Here’s an example from SDIC: Assuming you and your partner have $70,000 in a joint account and you have your own, separate account of $60,000, $35,000 from the joint account is counted as yours. This adds up to a total of $95,000 in deposits. However, only $75,000 of that $95,000 is covered by SDIC. 

#3 Fixed deposits

Your fixed deposits are also covered by the SDIC. However, as the SDIC covers your deposit per bank, per person this means that your fixed deposit coverage is aggregated with the money in your savings accounts. 

For example, if you have $50,000 in fixed deposits and $40,000 in your savings account with the same bank, only $75,000 of the total $90,000 will be insured by the SDIC. 

#4 Insurance plans 

Beyond your savings, the SDIC also protects the sum assured and surrender value under your insurance plans. This falls under the Policy Owners’ Protection Scheme that covers life and general insurance policies in the event of the failure of your life or general insurer.

However, not all insurance plans are covered. Life insurance plans that are protected include: 

  • Life insurance policies, both term life and whole life
  • Endowment plans 
  • Annuities
  • Long-term accident and health policies 

Life insurance policies: Coverage is based on guaranteed benefits only and is subject to caps. For example, for individual life policies, there is a cap of $500,000 for the aggregated guaranteed sum assured. However, no caps are imposed for accident and health policies or riders. 

General insurance plans that are covered include:

General insurance policies: Coverage is not subject to any cap, with the exception of a few specific instances. 

#5 CPF Money

Your CPF money and deposits placed under the CPF Investment Scheme (CPFIS) and the CPF Retirement Sum Scheme are aggregated and insured separately up to $75,000 for each depositor. 

#6 Supplementary Retirement Sum (SRS) funds

If you’ve opened a Supplementary Retirement Scheme (SRS) account, your money in your SRS account will be aggregated with other deposits you have with the bank and is subject to the $75,000 cap. You can only open an SRS account with any of these three providers: DBS, OCBC or UOB.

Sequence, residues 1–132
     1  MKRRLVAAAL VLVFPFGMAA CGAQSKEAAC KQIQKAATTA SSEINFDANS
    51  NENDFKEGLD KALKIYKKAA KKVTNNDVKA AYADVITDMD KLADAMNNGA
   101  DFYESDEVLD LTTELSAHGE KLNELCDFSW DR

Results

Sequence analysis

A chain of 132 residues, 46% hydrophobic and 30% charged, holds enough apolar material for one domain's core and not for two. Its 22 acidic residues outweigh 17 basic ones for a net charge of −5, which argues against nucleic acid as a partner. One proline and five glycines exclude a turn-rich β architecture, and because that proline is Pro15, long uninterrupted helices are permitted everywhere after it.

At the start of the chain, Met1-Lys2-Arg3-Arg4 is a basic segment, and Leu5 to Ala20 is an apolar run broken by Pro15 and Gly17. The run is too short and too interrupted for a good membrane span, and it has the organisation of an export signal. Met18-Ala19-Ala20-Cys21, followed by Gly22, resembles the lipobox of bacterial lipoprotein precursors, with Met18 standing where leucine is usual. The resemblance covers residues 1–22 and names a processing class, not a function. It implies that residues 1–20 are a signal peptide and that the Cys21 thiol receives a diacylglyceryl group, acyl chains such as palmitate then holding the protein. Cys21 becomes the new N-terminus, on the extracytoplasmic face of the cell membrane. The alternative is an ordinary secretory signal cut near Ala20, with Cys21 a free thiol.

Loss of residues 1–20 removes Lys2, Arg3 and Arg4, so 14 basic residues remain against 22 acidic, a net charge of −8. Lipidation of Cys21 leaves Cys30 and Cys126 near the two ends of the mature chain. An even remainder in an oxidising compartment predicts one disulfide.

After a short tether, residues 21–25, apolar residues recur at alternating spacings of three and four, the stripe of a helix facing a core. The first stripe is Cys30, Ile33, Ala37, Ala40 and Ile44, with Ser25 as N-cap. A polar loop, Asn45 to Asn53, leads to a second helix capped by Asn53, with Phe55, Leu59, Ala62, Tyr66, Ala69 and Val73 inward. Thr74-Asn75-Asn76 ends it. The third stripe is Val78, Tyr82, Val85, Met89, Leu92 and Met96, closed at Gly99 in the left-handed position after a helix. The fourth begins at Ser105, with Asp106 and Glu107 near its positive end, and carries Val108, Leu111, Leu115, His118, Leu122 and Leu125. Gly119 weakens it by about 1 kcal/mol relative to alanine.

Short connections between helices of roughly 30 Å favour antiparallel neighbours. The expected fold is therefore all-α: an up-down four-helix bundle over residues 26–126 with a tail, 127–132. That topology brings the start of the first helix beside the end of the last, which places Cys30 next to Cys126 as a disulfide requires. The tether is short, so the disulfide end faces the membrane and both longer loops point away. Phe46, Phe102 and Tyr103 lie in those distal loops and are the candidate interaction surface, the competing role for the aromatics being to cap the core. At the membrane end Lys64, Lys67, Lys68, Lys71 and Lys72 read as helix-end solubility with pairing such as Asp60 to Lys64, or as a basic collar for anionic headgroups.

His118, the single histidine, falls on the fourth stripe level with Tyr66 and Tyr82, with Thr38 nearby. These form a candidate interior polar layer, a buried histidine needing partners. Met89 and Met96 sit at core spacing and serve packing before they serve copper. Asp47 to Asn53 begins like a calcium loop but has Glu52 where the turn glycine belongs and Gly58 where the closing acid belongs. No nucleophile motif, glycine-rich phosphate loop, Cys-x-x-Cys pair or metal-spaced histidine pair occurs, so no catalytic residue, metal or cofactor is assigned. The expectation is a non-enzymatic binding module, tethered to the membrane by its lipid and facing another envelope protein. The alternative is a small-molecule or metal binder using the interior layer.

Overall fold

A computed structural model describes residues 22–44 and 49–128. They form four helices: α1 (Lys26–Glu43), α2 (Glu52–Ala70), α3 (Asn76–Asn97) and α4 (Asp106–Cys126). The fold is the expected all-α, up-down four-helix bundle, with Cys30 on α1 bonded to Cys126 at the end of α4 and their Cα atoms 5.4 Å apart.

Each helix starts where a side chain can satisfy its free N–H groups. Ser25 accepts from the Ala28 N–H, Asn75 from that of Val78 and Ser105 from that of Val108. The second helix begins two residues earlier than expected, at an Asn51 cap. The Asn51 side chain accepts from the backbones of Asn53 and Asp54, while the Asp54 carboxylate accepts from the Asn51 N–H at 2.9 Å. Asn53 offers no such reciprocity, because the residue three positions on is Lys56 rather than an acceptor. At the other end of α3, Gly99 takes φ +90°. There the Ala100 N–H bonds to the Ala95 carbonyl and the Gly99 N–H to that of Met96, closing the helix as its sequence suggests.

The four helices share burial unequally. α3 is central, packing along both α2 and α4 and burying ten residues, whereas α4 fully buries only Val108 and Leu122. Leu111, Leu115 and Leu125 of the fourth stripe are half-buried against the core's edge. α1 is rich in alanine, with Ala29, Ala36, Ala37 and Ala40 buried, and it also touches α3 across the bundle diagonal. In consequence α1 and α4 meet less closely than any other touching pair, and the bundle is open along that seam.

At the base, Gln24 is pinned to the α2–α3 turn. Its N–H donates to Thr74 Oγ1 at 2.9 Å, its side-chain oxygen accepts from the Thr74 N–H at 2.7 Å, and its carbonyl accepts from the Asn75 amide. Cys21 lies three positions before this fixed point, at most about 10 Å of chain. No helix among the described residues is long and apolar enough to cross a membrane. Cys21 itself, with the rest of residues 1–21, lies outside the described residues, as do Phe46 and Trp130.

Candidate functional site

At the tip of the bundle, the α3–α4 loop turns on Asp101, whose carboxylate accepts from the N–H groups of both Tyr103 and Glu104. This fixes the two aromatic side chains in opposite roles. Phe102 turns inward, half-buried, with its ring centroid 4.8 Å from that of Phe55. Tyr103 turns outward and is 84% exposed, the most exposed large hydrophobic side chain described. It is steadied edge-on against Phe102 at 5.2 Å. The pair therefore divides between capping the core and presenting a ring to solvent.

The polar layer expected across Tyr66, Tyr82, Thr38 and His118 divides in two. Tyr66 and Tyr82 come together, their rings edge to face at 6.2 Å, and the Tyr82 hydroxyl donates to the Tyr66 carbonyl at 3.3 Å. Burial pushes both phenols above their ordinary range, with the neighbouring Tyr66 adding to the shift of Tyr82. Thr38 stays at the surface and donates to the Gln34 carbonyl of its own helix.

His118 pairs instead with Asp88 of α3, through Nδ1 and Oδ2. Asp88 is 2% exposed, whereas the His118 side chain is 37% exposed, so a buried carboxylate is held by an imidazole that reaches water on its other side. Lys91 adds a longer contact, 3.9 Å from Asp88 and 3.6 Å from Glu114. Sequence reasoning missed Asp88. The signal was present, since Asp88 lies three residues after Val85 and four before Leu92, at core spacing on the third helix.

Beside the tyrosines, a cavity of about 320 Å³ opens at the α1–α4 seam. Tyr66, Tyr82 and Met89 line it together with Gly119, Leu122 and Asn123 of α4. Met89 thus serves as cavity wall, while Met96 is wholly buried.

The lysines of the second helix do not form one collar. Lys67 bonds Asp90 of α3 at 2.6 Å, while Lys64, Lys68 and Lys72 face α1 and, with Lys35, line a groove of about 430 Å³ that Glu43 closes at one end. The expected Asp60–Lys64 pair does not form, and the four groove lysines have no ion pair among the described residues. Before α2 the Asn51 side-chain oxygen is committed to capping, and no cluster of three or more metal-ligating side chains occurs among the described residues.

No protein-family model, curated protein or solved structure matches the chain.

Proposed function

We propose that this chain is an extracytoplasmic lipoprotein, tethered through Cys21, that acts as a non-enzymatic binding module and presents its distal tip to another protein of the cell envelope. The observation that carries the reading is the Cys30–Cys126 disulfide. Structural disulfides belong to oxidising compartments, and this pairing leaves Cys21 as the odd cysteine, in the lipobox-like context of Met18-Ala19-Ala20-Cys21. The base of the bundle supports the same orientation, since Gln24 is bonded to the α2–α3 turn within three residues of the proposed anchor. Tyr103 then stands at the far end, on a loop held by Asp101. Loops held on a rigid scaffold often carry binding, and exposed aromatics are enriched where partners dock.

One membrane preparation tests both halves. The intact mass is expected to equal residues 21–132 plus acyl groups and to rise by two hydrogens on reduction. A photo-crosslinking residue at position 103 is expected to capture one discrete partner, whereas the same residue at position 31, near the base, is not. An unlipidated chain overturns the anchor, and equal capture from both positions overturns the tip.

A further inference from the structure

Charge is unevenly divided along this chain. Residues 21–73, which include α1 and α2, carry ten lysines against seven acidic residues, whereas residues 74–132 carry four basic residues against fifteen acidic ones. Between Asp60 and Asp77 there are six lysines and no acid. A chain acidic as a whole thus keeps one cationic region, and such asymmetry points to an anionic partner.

What SDIC doesn’t cover

Besides the products listed above, other products as prescribed by MAS could also be covered. 

However, SDIC does not cover the following: 

  • Foreign currency deposits 
  • Structured deposits
  • Investment products such as unit trusts, shares and other securities

Yes, that means your investments with robo-advisors or the stocks you hold in your brokerage accounts are not covered by the SDIC. This is unsurprising, considering investments come with a degree of risk that you have to be willing to take on as an investor. 

Cash management accounts offered by robo-advisors, while they serve as an alternative solution to high-yield savings accounts, are ultimately not savings accounts and hence are not covered by the SDIC. 

Stashing your cash with a safety net in place

This understanding of the SDIC, should give you a vote of confidence to keep your money with the banks we have here in Singapore, even though the coverage is limited to $75,000. 

However, if you’re looking to do more with your money, you could consider embarking on your investing journey, starting right here with SingSaver’s very own one-stop investment shop.

Read these next:
Best Savings Accounts in Singapore to Park Your Money (2021)
Insurance Savings Plans: Singlife Account vs GIGANTIQ vs SingTel Dash EasyEarn
Fixed Deposit vs Singapore Savings Bond (SSB) vs Savings Account: Where To Put Your Money?
Best Cash Management Accounts In Singapore To Soup Up Your Savings
Whole Life Insurance: Reasons Why People Choose It Over Term Life


By Ching Sue Mae
A flat white, an adventure-filled travel and a good workout is her fuel. This Manchester United fan enjoys sharing knowledge on personal finance while chasing the dream of financial independence.